Our Ultimate Halloween Survey Tells You All About Americans’ Trick-Or-Treating Habits

Halloween survey for 2019

Halloween is fast-approaching. For some, this is the best celebration of the year! It comes with candy, spooky decorations, fun costumes, and lots of opportunities for DIY projects. It’s a wonderful mix of surprise and excitement. What’s not to love?

With the spookiest day of the year coming up, we decided to learn more about how Americans go about trick-or-treating. We ran a survey in late September 2019 that asked all about their Halloween preferences. This included favorite and least favorite Halloween candies, how much candy they buy for trick-or-treaters, how many pieces of candy someone should take, among others. Read on for all of our findings!

Americans’ Most and Least Favorite Halloween Candies

The most and least popular Halloween candies in the U.S.

First, we wanted to see which types of candy Americans love on Halloween. And, which ones they could do without. The top 5 favorites may not surprise you: Reese’s Peanut Butter Cups (29.6%), Kit Kat (15.6%), Snickers (12.7%), Twix (6.9%), and M&M’s (5.1%). Nearly a third of Americans chose Reese’s as their favorite! Clearly, we love our chocolate here in the U.S.

On the flip side, many of the least favorites were of the chewy variety. The 5 are Candy Corn (22.0%), Sour Patch Kids (17.9%), Whoppers (8.0%), Twizzlers (7.7%), and Smarties (7.0%). We were surprised to see Sour Patch Kids in the number two spot for least favorite, but perhaps Americans simply prefer chocolate treats on Halloween night.

Where Do People Give Out the Most Candy to Trick-Or-Treaters?

How much Halloween candy Americans buy, and how many give out full size candy bars

Next, we wanted to see where people are most generous to trick-or-treaters, based on how much candy they give out. On average, Americans will purchase 9.8 bags of individually-wrapped candies to give out to trick-or-treaters for Halloween. However, those in the Northeast are most generous (11.7 bags), followed by the West (10.3), South (9.8), and Midwest (7.7).

We also looked at the percentage of individuals who plan to buy full-size candy bars for trick-or-treaters. Nationwide, about 17.9% of those who give out candy will purchase full-size candy bars. You’re most likely to find them in the West (20.7%), followed by the South (18.6%), Northeast (18.4%), and Midwest (13.5%).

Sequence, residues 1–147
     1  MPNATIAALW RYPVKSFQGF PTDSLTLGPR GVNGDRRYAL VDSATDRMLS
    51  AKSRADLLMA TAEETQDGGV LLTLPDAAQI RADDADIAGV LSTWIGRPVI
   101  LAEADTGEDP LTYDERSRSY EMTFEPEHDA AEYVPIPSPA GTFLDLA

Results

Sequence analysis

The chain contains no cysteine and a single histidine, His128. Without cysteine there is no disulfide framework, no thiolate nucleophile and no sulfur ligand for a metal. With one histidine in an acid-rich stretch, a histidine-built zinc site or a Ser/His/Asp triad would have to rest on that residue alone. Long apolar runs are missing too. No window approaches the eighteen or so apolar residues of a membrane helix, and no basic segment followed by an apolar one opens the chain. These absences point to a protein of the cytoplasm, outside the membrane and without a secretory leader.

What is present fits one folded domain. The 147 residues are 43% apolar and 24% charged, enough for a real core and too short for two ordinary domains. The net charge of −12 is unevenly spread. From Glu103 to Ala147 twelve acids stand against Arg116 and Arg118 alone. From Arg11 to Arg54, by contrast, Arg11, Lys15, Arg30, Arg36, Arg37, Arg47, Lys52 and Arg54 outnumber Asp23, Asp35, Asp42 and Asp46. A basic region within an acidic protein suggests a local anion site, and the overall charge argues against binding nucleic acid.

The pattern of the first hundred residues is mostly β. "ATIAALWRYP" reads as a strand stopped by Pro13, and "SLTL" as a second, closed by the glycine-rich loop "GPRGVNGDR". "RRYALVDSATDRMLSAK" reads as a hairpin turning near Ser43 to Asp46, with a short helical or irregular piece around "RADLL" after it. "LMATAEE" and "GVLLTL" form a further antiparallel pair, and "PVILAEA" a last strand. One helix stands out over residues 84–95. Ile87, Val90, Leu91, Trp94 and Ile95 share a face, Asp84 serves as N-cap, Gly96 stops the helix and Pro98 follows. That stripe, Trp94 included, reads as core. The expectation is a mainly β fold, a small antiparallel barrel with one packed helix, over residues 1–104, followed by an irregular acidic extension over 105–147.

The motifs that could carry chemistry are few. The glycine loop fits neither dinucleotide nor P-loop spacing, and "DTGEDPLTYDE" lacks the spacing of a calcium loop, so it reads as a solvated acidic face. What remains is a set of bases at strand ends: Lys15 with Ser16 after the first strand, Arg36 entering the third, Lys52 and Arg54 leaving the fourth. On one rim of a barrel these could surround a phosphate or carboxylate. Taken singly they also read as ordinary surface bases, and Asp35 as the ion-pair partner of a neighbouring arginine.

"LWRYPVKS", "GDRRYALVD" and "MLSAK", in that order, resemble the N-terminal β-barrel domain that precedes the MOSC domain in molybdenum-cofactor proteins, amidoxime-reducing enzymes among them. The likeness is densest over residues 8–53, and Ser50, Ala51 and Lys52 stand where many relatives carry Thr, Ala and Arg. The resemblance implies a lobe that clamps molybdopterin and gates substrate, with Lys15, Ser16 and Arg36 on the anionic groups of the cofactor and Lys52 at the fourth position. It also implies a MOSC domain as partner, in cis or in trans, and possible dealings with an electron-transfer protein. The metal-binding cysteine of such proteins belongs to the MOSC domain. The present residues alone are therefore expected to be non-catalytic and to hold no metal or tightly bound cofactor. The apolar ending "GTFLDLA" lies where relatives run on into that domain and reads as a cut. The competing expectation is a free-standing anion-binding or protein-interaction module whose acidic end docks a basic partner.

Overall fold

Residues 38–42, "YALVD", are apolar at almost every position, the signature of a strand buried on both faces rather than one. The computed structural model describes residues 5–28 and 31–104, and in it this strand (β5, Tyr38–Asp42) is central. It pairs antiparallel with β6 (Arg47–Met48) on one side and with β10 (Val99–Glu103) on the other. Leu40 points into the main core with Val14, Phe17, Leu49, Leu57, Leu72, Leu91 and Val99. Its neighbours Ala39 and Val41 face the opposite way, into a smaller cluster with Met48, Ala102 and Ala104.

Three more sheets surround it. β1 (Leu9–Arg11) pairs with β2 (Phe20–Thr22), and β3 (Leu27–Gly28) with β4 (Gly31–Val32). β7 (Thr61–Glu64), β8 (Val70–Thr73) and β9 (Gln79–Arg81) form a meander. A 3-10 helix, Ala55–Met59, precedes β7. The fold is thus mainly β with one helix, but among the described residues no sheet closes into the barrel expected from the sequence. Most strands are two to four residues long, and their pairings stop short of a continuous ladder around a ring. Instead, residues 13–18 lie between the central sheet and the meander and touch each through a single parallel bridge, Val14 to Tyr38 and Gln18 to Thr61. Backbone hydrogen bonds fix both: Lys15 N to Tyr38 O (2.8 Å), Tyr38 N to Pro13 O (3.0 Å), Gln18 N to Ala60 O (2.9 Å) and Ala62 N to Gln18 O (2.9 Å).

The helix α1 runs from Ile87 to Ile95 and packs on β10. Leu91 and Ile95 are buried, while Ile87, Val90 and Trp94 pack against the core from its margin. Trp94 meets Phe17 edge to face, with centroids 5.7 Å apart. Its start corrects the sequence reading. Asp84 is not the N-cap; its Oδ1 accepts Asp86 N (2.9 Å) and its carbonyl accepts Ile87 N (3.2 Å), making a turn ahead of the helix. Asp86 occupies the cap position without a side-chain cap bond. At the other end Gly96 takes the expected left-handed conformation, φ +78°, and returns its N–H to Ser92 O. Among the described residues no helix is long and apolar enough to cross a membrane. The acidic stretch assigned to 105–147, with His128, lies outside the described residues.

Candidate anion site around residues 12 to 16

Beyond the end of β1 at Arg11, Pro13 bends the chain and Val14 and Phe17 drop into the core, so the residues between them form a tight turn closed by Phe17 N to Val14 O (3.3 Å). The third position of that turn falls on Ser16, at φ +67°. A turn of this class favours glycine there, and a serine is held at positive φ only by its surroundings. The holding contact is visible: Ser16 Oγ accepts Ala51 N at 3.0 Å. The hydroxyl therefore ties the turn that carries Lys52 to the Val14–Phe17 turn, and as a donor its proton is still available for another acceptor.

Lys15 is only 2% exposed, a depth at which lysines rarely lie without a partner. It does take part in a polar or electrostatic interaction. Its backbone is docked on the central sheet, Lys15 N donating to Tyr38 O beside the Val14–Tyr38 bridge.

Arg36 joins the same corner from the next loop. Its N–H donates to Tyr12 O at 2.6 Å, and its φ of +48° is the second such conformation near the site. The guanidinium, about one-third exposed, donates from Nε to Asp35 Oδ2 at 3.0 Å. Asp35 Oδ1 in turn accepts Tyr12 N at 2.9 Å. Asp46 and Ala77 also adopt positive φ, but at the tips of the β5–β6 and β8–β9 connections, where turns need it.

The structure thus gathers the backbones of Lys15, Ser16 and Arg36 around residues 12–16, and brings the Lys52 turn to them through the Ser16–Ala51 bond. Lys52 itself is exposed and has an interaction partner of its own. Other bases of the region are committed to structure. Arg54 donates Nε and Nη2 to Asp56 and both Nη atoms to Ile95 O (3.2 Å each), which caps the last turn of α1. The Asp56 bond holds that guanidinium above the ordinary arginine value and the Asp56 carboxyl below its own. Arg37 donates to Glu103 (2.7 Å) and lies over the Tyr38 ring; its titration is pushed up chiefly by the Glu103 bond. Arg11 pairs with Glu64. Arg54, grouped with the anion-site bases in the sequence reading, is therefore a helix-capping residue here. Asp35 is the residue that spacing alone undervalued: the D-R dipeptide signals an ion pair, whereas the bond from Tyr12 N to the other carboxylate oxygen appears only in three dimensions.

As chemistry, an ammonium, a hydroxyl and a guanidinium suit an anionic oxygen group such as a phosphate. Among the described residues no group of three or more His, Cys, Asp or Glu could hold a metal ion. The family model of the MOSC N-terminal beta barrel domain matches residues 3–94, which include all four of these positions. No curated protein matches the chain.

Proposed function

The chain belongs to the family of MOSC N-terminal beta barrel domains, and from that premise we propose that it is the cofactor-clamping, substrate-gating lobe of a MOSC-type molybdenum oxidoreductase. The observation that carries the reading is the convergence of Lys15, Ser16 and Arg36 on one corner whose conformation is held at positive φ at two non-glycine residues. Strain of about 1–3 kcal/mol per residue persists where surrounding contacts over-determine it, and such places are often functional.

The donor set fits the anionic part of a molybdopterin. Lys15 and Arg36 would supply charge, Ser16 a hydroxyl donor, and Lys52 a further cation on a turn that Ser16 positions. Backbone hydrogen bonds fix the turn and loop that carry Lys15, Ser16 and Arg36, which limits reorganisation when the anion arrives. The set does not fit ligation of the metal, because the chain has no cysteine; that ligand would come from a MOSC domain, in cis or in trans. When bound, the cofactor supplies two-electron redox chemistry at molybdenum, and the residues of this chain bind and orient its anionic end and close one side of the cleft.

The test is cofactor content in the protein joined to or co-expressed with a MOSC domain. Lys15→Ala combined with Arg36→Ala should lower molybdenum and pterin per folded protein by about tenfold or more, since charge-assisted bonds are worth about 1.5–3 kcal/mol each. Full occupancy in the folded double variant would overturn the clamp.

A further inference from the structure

How Much Candy Is Acceptable To Take When Trick-Or-Treating?

How many pieces of candy you should take when trick-or-treating on Halloween

Respondents also told us how many pieces of candy is acceptable for a trick-or-treater to take from each home. The nationwide average is just about 3 candies (2.9 to be exact). Men, however, think it’s acceptable to take slightly more (3.2, versus 2.8 according to women).

By generation, the average number appears to decrease as Americans get older. Those in Generation Z say 3.4 pieces is acceptable, compared to 2.6 for Baby Boomers. Regionally, those in the West say the most (3.3 pieces) and those in the Midwest say the fewest (2.5).

At What Age Are You Too Old to Trick-Or-Treat?

Chart showing when you’re too old to trick-or-treat for Halloween

Next, we asked at what age you become “too old” to go trick-or-treating. We also gave an option to say that you’re never too old — 1 in 4 Americans think so. On average, though, people say you’re too old when you reach age 18 to 19. As you can see on the chart above, most respondents felt that the teenage years were the time to hang up the candy bucket.

Instead, it may be time to trade in trick-or-treating for a couples costume as an adult! When asked if they’re cute or tacky, 86% of respondents said they were cute. Additionally, 34% said they’ve done a couples costume, while 45% said they haven’t but they would.

Americans’ Halloween Decor Plans

Chart showing how Americans decorate for Halloween and how much they spend

Finally, we asked Americans about their decor plans for the upcoming holiday. 2 in 3 Americans say they’ll decorate for Halloween, either outside, inside, or both. 38% of Americans will decorate the inside and outside of their home this month. We also wanted to know about pumpkin carving. It turns out that 1 in 3 Americans always carve pumpkins for Halloween. Lastly, we found out how much people typically spend on decorations for the spooky holiday each year — $54 is the national average.

No matter how you decorate or dress up for Halloween, the important thing is that you’re celebrating. October is a wonderful month for candy, scary movies, and more. So check out all the amazing ways you can get your house ready for the holiday and get in the spirit! Happy Halloween!


Write A Comment